A first triumph at the nuclear summit
Outside the conference centre two marines do duty as traffic cops, stopping cars and lorries and waving them on.
A police car blocks the next street, and a trailer from Homeland Security's emergency response unit is parked alongside. A ring of big trucks provides further discouragement to would-be car bombers. The high security is understandable. The prime ministers and presidents of 40 countries are inside.
But all this high security would be blown away like paper in the wind by what President Obama is talking about. A nuclear bomb set off by terrorists. He says it is the highest threat to US security.
Of course film makers and novelists have long made us shiver at the sheer thought of such a possibility, and the whole perception of the danger of weapons of mass destruction after 9/11 led us into the Iraq war.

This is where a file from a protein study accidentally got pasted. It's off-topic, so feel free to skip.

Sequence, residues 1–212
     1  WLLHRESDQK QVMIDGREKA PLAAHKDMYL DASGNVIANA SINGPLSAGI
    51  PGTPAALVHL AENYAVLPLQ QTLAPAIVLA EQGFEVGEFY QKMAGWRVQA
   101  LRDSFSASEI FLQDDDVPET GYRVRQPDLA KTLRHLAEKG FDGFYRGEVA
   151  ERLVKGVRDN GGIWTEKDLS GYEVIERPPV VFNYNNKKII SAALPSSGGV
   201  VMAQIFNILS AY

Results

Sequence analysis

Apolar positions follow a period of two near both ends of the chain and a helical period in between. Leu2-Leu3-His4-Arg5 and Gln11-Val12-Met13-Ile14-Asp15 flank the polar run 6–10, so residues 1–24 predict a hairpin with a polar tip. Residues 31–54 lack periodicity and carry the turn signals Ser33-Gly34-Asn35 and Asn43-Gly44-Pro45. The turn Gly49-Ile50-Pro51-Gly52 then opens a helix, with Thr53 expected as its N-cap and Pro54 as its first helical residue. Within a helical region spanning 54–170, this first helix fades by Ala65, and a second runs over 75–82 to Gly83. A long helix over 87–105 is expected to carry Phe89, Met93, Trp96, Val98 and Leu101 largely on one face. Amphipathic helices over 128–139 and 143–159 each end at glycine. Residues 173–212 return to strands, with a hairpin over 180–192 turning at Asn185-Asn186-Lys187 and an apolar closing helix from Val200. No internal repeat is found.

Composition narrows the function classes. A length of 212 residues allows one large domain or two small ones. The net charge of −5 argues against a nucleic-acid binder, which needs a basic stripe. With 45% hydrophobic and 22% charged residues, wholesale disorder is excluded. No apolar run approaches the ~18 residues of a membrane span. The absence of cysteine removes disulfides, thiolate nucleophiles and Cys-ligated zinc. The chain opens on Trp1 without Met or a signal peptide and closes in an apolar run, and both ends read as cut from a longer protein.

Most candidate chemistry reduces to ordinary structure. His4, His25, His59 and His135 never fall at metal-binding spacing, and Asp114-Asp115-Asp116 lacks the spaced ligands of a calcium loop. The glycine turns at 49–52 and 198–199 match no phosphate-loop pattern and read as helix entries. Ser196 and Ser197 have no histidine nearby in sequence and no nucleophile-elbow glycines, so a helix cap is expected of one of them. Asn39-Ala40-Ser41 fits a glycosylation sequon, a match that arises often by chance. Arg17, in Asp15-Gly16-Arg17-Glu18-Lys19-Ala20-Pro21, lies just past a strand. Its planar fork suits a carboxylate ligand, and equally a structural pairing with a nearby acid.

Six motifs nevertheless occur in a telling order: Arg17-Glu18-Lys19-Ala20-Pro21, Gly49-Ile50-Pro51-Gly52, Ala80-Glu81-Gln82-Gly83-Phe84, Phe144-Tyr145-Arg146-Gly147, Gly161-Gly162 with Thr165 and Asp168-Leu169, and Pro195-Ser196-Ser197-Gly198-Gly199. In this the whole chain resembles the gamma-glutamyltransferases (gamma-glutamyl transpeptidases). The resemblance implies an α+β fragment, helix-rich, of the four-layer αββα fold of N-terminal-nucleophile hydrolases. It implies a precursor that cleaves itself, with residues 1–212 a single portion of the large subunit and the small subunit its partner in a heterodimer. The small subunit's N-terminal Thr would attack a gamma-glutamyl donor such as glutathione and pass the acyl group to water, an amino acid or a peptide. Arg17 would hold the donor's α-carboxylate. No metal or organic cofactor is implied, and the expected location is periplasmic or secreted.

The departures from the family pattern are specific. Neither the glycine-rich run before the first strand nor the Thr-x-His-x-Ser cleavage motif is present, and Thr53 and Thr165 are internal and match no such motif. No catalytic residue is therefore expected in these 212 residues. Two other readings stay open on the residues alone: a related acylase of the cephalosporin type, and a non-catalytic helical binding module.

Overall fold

But perhaps some threats seem too much like fiction to be taken seriously. According to a poll by US network ABC, only 12% of Americans agree with their president that it is the biggest threat to their country.
President Obama appears to worry that other world leaders are just as complacent. Guarding or removing highly enriched uranium and plutonium is often seen as rather technical, almost geeky.
This summit is intended to give the world a signal that the president doesn't see it that way.
For him, it is an urgent political priority.
The carefully choreographed announcement that Ukraine is giving up its highly enriched uranium (HEU) is a first triumph. Expect more.
But I wonder if this is a danger that can ever really be eliminated.
More tomorrow, but thanks for all your good wishes for Easter (it was terrific), and nice comments about the eggs.
And I'm glad to see you can keep a discussion going without my prompting!